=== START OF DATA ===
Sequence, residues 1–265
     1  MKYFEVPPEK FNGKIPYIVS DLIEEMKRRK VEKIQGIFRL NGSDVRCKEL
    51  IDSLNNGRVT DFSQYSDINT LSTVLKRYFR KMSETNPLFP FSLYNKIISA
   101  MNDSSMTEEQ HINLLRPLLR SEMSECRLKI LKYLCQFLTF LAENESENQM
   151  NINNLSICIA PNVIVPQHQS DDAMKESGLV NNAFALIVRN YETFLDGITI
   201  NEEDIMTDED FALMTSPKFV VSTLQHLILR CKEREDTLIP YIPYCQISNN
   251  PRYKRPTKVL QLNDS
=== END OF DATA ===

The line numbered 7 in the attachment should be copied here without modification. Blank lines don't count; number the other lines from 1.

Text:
   251  PRYKRPTKVL QLNDS